And the Family Radio network has enough cash to plaster the country with the endtime ads. They’re apparently effective fundraisers.

Money and Mouth 

Here’s a deal you might offer all believers in end-of-the-world predictions. Don’t worry if you’ve missed the May 21 doomsday deadline. There will be plenty more opportunities with new predictions in the future.

Seek out those who mouth a belief that the world will end on a certain date. Confirm that they have assets and possessions—a house, car, savings account, and/or 401(k). Then offer to turn over to them assets of your own, valued at half or less of the value of theirs. They can use your assets to pass out copies of the Bible, the Bhagavad Gita, The Late, Great Planet Earth, or whatever on street corners. They can buy TV, radio, Internet, or print ads to announce Armageddon. But on the day after they predict the world will end, title to all of their asserts and possessions will transfer to you.

If the world ends, they’ll have used your assets to promote their cause and their assets will do you no good as you wallow in fire and brimstone. In the nineteenth century members of some sects did give away all their possessions as they anticipated the end. Today few believers in such things actually put their money where their mouths are. Oh ye of little faith!

Big Blind Brains

Many such believers, especially those who hatch and propagate such nonsense, deserve to be countered with the weapon of ridicule. But such cases reveal a far more serious problem with the culture, one that is a major cause of both individual and societal ills.

Consider the report about Michael Finaldi, the 60-something-year-old head of Tele-Solution, a successful business in New Jersey. One watches with pain as this otherwise solid, responsible, individual talks about [4]how Harold Camping’s ravings have convinced him that the world will end on a certain spring weekend. It’s like watching a sound human mind descending into mental illness, a sickening tragedy.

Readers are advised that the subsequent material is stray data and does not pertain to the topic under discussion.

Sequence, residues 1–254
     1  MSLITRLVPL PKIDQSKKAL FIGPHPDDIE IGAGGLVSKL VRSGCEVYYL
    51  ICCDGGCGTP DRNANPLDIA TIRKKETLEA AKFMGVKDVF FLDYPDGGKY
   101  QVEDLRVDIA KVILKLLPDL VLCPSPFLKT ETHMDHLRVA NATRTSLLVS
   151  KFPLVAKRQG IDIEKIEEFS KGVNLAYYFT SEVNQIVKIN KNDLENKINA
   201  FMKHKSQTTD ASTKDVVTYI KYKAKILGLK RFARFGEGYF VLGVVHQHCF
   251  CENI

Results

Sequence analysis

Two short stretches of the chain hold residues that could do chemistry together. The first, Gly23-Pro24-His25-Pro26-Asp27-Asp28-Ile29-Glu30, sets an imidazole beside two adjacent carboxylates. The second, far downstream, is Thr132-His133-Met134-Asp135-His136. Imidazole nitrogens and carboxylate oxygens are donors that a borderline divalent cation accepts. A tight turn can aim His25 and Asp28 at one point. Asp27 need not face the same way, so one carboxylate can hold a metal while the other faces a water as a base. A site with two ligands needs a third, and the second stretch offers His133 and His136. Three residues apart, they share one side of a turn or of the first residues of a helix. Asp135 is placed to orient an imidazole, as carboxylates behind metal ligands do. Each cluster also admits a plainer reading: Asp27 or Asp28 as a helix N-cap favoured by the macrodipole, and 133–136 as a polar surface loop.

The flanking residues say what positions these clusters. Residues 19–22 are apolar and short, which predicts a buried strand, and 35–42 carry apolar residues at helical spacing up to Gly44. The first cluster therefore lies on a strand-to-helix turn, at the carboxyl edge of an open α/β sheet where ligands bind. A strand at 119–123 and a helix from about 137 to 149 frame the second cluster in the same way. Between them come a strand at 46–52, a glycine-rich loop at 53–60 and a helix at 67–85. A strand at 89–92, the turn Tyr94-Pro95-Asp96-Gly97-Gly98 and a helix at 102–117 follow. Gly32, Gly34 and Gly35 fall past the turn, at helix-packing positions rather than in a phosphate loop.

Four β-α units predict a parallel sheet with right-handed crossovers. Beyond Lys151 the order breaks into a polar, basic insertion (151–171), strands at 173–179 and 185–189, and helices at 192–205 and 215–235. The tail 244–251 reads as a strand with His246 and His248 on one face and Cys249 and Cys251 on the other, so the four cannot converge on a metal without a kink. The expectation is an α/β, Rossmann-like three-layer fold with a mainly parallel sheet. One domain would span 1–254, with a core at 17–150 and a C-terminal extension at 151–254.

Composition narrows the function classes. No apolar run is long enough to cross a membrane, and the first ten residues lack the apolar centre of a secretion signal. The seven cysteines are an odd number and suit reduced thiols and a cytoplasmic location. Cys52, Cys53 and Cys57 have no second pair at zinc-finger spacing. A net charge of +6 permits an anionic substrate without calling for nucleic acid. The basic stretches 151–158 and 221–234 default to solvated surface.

We might simply observe that many otherwise sensible individuals have blind spots, and in the case of cult believers, those spots are huge. But in the twenty-first century, with all the marvelous products of the human mind evident, the continued existence and even spread of new cults suggest something deeper. And we see the same mindset on display in politics. How can people in Greece or in California really expect governments to continue to spend massive amounts of money that they do not have and have no way of getting?

Individuals must think for themselves and make up their own minds on every matter that faces them in life. But what does it take for us to activate our analytic abilities? We must have a firm understanding that reality is objective. We must have an unswerving commitment to seeking the truth, whatever it might be. We must not let comforting fictions lull us into mental illusions of our own making. We must not let preconceptions or an ideology blind us to reality. That goes double for those like Objectivists and Ayn Rand fans who explicitly advocate a philosophy of reason but can let this fact make them uncritical of their own beliefs because they assume that they have a monopoly on truth. We should acknowledge that the root of all immorality is the refusal to think, to focus our minds, to honestly seek to know.